Yale law professor and novelist Stephen L. Carter has an unlikely heroine to the Cuban missile crisis in his new novel: Margo Jensen, a 19-year-old black college student, making her way into heady White House politics in “Back Channel.”

He was surprised, when he was finished, at how much she resembled the heroine in his previous book, “The Impeachment of Abraham Lincoln.” In that book, Abigail Canner was also a black young woman caught up in White House intrigue beyond her years.

“I was utterly unconscious of it,” he’s saying on the phone, chatting from his New York hotel room in the midst of book tour. “Their physical descriptions are very similar, which I had overlooked. Both are young black women, well educated, moving in spheres they wouldn’t be expected to be in. Both have parents dead, raised by strong women…I didn’t set out to write the same character twice. But it did, in a sense, work out that way.”

The 59-year-old D.C. native will be at Politics and Prose to talk about the book — and some lessons for the U.S. and Russia today, as tensions again have flared between the Cold War rivals.

But for the most  part, Carter is again focused on mixing historical fact and fiction in Washington politics. The city plays a central role in many of his novels, perhaps most famously in his best-selling debut, “The Emperor of Ocean Park.”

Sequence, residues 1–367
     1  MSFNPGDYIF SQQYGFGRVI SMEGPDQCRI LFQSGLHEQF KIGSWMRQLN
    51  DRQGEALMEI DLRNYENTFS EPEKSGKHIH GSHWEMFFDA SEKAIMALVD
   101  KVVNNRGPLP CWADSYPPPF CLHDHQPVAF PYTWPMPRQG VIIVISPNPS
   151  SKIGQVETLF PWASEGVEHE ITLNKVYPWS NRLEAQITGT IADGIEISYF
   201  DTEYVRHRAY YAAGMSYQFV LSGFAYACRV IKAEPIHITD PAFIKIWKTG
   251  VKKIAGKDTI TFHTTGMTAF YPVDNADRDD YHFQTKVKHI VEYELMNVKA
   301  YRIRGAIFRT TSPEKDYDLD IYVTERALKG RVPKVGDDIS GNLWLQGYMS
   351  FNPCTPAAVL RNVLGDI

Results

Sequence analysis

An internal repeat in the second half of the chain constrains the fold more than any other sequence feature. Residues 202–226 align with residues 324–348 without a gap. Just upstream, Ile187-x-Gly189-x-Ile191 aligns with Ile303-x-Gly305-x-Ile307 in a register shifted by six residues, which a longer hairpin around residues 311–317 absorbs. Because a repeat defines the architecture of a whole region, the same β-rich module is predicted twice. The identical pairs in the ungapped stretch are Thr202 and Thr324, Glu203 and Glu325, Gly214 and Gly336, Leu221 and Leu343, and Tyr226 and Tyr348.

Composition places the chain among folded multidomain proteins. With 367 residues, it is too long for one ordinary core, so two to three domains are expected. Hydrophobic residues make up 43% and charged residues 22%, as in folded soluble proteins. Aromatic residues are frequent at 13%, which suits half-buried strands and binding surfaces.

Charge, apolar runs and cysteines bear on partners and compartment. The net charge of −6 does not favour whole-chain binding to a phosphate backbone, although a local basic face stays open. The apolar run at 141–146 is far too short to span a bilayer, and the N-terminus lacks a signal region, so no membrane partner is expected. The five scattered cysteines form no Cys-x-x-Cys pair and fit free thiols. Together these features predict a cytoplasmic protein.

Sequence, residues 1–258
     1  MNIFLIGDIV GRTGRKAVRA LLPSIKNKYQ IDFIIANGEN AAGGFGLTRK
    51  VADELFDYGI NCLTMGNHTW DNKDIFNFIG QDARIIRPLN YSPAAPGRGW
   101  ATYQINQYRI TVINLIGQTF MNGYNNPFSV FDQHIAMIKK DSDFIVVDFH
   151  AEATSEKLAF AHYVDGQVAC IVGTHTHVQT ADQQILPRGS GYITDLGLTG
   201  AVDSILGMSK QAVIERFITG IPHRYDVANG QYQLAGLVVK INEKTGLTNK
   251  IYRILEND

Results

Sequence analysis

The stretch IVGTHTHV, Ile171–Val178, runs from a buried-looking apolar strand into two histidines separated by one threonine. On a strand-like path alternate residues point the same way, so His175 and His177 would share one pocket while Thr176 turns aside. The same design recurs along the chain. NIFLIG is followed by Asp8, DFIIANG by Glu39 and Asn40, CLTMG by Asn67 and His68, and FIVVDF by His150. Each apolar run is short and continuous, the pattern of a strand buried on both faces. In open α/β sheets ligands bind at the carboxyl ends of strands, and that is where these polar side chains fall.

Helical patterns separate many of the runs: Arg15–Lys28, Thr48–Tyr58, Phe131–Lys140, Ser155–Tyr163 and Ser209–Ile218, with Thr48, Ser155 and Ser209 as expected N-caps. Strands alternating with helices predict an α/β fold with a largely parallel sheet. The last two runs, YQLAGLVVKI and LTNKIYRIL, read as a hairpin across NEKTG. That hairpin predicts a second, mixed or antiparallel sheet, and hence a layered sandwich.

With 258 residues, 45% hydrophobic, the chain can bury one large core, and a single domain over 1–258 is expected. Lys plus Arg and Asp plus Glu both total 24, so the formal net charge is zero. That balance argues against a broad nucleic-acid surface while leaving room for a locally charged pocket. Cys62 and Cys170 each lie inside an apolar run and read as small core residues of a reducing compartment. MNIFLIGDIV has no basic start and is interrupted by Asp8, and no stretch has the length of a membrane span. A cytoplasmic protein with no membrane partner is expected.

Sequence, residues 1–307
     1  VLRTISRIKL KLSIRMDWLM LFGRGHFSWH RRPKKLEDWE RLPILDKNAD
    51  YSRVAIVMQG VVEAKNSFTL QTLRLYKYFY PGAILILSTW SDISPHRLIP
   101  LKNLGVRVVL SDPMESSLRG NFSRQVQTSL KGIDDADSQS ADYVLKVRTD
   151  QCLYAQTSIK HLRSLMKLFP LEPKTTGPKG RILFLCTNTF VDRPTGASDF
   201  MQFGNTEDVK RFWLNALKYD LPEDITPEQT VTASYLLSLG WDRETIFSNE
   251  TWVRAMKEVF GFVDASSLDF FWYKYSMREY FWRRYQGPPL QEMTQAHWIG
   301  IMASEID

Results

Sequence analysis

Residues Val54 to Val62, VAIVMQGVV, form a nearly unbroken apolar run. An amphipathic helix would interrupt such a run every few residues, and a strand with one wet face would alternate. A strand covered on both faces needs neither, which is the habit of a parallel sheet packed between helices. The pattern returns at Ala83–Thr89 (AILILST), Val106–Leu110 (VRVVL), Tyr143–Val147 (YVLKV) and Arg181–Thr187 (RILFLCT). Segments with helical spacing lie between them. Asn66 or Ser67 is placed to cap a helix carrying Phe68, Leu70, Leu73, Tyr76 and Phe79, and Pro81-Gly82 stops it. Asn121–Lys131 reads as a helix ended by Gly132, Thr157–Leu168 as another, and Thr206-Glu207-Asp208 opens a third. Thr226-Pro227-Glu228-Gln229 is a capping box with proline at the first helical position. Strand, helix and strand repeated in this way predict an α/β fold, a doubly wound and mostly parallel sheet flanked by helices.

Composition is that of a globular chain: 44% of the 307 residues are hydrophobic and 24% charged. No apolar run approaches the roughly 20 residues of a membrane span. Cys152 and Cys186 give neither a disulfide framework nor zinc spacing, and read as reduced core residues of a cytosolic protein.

In “Channel,” the story began to take shape in his mind when reading Robert Dallek’s biography of John F. Kennedy, which disclosed that Kennedy had an affair with a 19-year-old intern. Carter decided to parlay that affair into a fictional cover story: What if there was no affair, but the relationship was to hide a secret back channel of communicating with the Kremlin during the crisis in Cuba? And what if the young woman was black, not white? It’s not quite as far-fetched as one might think — there really was a back channel of communication, but it was through ABC newsman Jack Scali. His real-life Russian counterpart was Aleksander Fomin (real last name, Feklisov), who appears in the book.

“I did a lot of investigating for Fomin,” Carter says. “I gave him a completely different background and gave him much better command of English than he had in real life.”

More difficult to portray was the 35th president. Carter went back to tapes and listened to the patterns and style of Kennedy’s speech in order to get the syntax and patter. In the alchemy of historical fiction, the idea is to get the real people to sound real…even when what they’re saying isn’t.

“If I was inventing words to put in his mouth, I wanted it to be plausible, like I did with Lincoln, that he might have said these particular words.”